by Jenny White
I’m a faithful reader of the New York Times Science Section, cover to cover, because I want to know about things, not be caught flatfooted. Somehow it seems necessary for survival to know about quarks and bosons, the social structure of ants, scientific explanations of the smile, and the sexual life of grapes. I had a fling with books explaining how to endure being stranded in snow (make an igloo) and identify edible weeds in the park. What does this say about me? I never kept any extra food in the house beyond what was fresh in the fridge until after 9/11 when I laid in some canned beets and tomato sauce and a gallon jug of water. The tomato sauce exploded and the water leaked, so clearly I am batting zero as a survivalist. Perhaps knowing things about the world lets me feel that nothing can surprise me, jump out of the dark corners beyond my peripheral vision. Illness is like that. Two months ago I saw spots and flashes in my right eye and was told I had a partially detached retina. Why? No reason. Out of the blue. Once I was allowed to read again after the repair, I read a lot about retinas. But what do we really learn about how illnesses and the body work from reading popular science? Recently, I had a long conversation with a prominent scientist at Harvard, the molecular biologist Michael R. Freeman, who explained to me what cancer was. It wasn’t anything I expected, even after years of reading science stories. It was as if he had opened a door into an alternate universe. Below is a transcript of part of our conversation.
Jenny White: Tell me what we should know about cancer?
Michael Freeman: Cancer is an uncontrolled proliferation of cells, so a tumor is actually is a swelling or a cyst, something that isn’t necessarily life-threatening, but a malignancy is something that has the potential to grow and spread in the body and its the spreading in the body as well as the growth that is lethal. We’re still trying to understand fundamental processes that are part of cancer. A recently recognized process involved in cancer, for instance, is autophagy, which means “self-eating.” This is a normal way that cells use to conserve energy and nutrients, and it’s a process that can be used by cancer cells to progress to malignant states. Tumor cells generally are in a very stressful environment, so there’s a Darwinian pressure to select for variants that can overcome various stresses. So if you’re a tumor cell and your descendants have the ability to take in nutrients from this process of autophagy, then you have a selective advantage over other cells that might be killed in the stressful environment.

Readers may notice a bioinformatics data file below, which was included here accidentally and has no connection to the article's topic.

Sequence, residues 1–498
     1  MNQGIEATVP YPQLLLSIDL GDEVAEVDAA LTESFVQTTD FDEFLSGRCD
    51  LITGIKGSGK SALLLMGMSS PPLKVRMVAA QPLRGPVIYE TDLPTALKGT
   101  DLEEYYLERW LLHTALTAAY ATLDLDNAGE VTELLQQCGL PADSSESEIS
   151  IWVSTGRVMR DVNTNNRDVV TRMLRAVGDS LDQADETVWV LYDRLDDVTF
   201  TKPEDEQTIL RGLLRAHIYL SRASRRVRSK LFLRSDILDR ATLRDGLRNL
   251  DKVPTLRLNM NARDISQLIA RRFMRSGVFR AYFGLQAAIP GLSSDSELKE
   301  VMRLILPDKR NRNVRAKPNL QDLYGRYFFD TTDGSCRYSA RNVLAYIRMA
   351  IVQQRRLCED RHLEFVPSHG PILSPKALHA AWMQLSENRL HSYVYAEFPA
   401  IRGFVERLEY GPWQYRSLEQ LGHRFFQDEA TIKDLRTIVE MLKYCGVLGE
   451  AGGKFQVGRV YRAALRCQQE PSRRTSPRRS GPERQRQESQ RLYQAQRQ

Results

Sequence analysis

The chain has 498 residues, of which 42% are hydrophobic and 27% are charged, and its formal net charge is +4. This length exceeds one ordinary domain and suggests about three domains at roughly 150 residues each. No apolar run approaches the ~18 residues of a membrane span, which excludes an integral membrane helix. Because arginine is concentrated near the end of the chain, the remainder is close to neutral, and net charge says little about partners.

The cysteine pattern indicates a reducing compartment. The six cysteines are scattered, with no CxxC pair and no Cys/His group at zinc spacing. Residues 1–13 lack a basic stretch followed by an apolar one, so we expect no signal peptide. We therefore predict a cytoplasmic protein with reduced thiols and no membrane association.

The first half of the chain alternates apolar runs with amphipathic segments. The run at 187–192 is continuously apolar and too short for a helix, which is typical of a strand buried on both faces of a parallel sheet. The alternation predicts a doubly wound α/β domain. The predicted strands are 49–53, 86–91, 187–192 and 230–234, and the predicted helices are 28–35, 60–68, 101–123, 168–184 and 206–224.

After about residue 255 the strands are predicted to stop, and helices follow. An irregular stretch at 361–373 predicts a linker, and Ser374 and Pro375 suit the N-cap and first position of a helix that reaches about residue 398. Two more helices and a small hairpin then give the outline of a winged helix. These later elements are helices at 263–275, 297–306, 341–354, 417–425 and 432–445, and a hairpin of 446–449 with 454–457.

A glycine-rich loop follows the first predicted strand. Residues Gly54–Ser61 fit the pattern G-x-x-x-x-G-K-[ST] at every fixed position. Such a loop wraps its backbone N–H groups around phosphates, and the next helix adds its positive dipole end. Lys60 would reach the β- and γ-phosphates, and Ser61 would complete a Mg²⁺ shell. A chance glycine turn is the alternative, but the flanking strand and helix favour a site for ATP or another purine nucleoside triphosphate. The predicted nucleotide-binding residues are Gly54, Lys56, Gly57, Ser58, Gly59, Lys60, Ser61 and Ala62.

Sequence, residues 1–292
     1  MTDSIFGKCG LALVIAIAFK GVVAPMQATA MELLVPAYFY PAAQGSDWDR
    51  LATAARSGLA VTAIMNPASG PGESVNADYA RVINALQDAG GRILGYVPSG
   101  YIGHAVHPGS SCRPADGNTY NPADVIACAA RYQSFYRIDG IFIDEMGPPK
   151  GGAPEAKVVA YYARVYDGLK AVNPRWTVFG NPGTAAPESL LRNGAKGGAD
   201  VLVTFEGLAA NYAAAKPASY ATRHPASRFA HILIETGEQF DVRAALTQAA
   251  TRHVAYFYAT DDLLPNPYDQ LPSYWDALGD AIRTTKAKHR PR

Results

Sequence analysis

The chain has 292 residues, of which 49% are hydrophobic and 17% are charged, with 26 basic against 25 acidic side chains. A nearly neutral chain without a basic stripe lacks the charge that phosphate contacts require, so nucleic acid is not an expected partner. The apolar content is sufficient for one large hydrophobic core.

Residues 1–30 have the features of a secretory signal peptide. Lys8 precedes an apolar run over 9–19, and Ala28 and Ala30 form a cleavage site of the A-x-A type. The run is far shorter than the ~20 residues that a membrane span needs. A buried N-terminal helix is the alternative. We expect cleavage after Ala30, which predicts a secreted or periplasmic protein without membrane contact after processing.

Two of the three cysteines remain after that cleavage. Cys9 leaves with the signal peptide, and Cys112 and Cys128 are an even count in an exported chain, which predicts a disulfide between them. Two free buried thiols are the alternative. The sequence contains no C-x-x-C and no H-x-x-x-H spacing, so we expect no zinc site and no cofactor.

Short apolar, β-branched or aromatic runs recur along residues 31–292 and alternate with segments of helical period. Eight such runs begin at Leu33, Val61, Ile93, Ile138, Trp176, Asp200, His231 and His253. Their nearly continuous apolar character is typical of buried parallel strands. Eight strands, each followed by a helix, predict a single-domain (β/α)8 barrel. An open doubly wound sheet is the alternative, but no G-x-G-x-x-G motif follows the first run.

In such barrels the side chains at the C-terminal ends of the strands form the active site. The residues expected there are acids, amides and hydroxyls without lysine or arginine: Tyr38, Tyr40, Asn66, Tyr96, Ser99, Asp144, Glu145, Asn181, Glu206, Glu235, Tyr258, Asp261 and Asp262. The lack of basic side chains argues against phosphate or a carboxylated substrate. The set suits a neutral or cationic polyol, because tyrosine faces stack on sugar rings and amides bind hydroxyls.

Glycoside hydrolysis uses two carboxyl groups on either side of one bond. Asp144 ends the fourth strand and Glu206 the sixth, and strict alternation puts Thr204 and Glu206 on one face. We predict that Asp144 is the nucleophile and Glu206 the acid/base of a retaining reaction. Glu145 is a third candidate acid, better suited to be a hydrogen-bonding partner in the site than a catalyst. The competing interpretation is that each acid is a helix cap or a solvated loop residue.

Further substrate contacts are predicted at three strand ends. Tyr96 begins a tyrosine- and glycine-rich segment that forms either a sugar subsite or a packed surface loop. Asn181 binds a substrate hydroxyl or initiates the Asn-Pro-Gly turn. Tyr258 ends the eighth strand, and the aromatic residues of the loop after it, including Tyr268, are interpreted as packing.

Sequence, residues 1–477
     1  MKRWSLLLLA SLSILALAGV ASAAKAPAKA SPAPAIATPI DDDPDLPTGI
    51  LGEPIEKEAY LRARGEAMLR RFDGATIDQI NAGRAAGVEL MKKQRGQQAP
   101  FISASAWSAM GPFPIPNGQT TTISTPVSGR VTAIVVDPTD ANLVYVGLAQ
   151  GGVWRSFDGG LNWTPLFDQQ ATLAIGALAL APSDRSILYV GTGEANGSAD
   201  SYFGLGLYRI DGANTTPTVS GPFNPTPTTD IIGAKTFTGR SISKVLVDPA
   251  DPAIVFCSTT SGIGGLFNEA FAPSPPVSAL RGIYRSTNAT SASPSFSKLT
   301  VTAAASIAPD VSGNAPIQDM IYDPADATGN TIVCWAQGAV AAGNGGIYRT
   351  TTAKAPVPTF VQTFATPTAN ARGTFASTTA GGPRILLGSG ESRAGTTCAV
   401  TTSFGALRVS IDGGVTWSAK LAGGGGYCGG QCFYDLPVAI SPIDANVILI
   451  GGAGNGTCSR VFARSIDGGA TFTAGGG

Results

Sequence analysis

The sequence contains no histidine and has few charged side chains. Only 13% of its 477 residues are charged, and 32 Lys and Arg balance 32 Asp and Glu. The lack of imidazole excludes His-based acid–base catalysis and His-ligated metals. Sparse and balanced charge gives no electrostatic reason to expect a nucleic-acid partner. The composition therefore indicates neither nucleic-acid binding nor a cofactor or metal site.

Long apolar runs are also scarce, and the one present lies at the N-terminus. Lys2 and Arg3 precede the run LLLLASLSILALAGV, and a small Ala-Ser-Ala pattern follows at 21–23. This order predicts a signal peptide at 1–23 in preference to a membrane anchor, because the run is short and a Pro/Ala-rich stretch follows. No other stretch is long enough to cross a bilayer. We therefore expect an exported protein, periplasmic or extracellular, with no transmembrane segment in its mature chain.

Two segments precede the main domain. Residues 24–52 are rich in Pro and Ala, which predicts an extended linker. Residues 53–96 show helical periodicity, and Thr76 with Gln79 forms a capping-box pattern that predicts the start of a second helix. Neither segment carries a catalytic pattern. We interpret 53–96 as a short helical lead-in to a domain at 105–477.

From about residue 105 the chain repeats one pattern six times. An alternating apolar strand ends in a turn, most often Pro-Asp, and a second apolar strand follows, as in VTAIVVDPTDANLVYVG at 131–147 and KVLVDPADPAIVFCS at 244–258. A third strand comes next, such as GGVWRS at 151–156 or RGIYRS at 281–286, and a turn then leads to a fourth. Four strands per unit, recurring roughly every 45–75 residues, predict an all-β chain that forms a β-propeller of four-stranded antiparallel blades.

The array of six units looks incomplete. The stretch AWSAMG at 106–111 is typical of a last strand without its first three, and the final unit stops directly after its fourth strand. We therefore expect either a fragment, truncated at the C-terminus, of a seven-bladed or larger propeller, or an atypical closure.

JW: So basically the Pac-Man cells survive because they eat the cells surrounding them.
MF: They actually eat themselves.
JW: Are there any other cool concepts that are out there? Autophagy, self-eating Pac-Man cells. What else is going on?
MF: There’s another concept that was very new when I was a postdoctoral fellow, but is now very much understood to be a fundamental process in tumor biology, which is apoptosis or programmed cell death. This is a program that cells initiate that causes them to die. It’s basically cell-suicide. There are signaling molecules that can initiate the suicide program that’s built into the cell. This is a normal process that takes place during development. The fingers on your hand were created in part through an apoptopic mechanism, where the webbing between the digits was formed by cells killing themselves. In development, in the formation of the body plan, there’s growth as well as loss of structure. It even happens during normal life as an adult. It’s like what a sculptor does, right? A sculptor creates form by removing things.
JW: How does that fit with cancer?